I watched the game from beginning to end on Saturday. Then I slept on it. I had to. I didn’t look at anything on Sunday because, well, quite frankly I was ready to jump off of the nearest bridge following Michigan's 25 point loss at home to Penn State.
That sounds really bad, except for the fact that the nearest bridge to my house is at my neighbor's house. It's a little Japanese stone garden bridge with a gnome or troll or something guarding the entrance. Or maybe it's just a miniature windmill. I forget. Anyway, at it's highest point this bridge is only about 6 inches from the ground.
Michigan is now 5-3 this season and looking as shaky as they ever did on both sides of the ball. Actually, there were times during the Penn State game that I thought the Michigan defense played fairly well. Then I realized that PSU's tailback Royster did rack up 100 yards and quarterback Darryl Clark had a “field day” through the air with 230 yards and 4 (!) touchdowns courtesy of the Michigan defense.
The Nittany Lions outplayed Michigan in every facet of the football game, except maybe punting. This was a good Penn State team. Not unbeatable, but a good opponent. From a mental toughness standpoint, Michigan's response was an emphatic "not ready". They're just not. They're either too young, too inexperienced, or not talented enough at certain positions. I don' t know. If they were ready, then they certainly wouldn’t be handing a 6-1 Penn State team with free interceptions, fumbles, safeties and penalties all on a silver platter with pretty garnishes on the side in front of a nationally televised audience.
Michigan was thoroughly and decisively out gained offensively yet again. When this happens, the options for football teams are limited. You either:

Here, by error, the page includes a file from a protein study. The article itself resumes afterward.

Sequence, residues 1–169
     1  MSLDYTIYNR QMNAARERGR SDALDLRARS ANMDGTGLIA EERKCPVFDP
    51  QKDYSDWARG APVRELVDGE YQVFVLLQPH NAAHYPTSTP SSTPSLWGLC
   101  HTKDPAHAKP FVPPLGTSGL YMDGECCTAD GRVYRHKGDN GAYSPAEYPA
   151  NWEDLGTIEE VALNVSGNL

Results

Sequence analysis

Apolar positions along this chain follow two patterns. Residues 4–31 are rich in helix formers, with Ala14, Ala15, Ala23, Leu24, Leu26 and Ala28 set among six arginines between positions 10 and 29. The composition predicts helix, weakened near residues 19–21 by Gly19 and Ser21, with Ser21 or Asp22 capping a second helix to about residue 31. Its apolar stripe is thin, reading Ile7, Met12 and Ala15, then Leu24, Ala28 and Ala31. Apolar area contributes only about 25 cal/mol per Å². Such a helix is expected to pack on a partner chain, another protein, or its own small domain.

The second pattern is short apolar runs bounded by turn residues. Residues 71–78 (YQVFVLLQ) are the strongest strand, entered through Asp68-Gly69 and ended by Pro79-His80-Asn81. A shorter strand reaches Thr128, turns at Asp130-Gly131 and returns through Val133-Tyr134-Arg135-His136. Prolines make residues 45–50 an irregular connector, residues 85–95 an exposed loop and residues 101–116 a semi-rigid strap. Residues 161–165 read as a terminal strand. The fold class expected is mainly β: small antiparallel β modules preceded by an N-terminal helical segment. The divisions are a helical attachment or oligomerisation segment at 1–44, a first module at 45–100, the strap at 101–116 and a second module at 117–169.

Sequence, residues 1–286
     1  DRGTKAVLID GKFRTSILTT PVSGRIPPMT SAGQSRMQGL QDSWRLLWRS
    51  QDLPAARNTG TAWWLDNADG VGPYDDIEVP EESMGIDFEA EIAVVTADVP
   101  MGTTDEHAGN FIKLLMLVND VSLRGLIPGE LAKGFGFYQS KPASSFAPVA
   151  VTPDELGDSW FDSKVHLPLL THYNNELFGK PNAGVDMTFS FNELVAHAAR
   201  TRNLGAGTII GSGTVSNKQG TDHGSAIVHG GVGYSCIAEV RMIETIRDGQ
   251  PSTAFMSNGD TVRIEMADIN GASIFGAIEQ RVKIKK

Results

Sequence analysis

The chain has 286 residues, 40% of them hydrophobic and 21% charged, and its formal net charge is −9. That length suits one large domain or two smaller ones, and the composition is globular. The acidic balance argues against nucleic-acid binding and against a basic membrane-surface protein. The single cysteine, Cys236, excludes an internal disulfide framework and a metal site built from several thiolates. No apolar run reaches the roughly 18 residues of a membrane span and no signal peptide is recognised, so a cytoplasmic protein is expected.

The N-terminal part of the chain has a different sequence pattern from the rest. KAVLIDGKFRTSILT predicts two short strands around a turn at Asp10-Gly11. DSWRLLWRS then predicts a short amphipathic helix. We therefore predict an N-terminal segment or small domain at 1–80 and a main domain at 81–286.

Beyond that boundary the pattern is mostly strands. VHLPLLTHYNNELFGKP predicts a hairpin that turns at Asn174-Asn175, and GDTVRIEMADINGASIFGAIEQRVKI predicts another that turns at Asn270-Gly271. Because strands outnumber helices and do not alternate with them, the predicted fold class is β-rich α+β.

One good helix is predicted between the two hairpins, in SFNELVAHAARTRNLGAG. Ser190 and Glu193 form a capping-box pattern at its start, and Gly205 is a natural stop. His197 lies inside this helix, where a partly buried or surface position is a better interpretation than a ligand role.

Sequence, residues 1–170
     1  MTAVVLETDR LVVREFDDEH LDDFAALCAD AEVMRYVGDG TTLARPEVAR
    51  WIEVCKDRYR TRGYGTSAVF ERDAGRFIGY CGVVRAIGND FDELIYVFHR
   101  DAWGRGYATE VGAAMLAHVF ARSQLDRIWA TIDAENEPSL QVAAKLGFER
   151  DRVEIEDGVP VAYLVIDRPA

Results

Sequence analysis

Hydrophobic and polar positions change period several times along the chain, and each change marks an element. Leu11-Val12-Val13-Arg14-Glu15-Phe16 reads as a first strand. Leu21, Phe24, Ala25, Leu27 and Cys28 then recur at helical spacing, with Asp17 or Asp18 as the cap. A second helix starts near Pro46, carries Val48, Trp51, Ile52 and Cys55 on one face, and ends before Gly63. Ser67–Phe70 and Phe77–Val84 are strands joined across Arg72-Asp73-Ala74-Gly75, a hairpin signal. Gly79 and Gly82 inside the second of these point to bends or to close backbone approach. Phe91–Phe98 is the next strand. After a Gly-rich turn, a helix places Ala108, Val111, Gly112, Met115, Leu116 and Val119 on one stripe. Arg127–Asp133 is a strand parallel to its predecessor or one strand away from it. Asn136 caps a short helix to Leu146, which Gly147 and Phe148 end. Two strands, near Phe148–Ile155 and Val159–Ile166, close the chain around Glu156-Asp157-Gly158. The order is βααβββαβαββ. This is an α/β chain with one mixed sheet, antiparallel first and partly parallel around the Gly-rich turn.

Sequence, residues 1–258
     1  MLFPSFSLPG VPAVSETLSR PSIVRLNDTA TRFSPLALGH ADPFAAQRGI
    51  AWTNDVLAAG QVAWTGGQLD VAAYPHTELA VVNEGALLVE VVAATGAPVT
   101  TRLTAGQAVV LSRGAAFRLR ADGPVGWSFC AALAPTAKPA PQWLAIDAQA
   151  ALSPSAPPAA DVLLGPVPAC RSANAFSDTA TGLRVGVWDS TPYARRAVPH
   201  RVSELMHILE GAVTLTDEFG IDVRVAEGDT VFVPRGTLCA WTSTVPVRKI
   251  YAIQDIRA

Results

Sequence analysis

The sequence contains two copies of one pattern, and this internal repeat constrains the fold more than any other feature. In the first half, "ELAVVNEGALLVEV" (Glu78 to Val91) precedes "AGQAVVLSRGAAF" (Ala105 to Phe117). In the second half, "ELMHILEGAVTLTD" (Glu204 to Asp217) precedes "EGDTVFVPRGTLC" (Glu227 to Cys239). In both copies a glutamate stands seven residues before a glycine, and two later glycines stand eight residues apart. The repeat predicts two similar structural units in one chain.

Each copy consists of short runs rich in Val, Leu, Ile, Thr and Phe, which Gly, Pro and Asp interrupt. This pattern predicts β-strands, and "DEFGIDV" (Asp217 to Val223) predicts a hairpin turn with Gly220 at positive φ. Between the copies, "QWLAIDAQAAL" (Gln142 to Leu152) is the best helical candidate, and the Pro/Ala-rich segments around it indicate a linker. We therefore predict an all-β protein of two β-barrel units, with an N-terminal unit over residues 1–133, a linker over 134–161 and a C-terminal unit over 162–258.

a.) play out-of-your-mind awesome scoring defense, or
b.) play out-of-your-mind effective offense, scoring touchdowns like a mother on every offensive possession, forcing the UM regents to contemplate procurement of a more robust stadium scoreboard, or
Instead the opposite occurred Saturday.
Why do we feel so shitty about the 10-35 loss to Penn State Saturday?
Two reasons really.
One, this was the most decisive loss for Michigan all-season, and the worst loss since the 7-42 drubbing in Columbus in 2008.
Two, I’m thinking it’s the yards per play statistics.
On Saturday Michigan had its worst yards per play output of the 2009 football season with only 3.42 yards per play.
So, uh, when was the last time Michigan had aYPP stat outcome below 4 yards per play?
You’d have to go back to the 2008 football games against Ohio State (3.0 YPP), Northwestern (3.22) and, of course, the lovely Utah game (3.22).
All were losses.
All of the sudden it's as if Michigan football fandom collectively realizes all at once that ending this football season 6-6 or 7-5 looks all the more probable (and delightful?) as the irrational expectations of Michigan’s 2009 football season following the 38-34 in-yo'-face victory over Notre Dame crashes to the ground at 9.8 meters per second.
Penn State 35, Michigan 10
Michigan rushed for 110 yards against the best rushing defense in the Big Tenon Saturday. Penn State typically surrenders only 79 yards rushing per game. So are these 110 yards by Michigan an accomplishment of some measure? I guess so. But it is still 109 yards well below Michigan’s season game average.
Penn State’s defense - obviously consumed with indignation for WCA's public critique of their bakery basket football schedule - effectively "owned" this blogger by allowing the Wolverines only 10 points - pretty much in alignment with their 8.7 per game average allowance this year.
Meanwhile Michigan star tailback Brandon Minor had only 48 yards in this game on 12 carries and then got….wait for the surprise everybody!…...injured. I claimed in the off-season that Michigan has probably one of the most talented stable of backs in the Big Ten right now with Brandon Minor, Carlos Brown and Michael Shaw, plus incoming freshman Vincent Smith.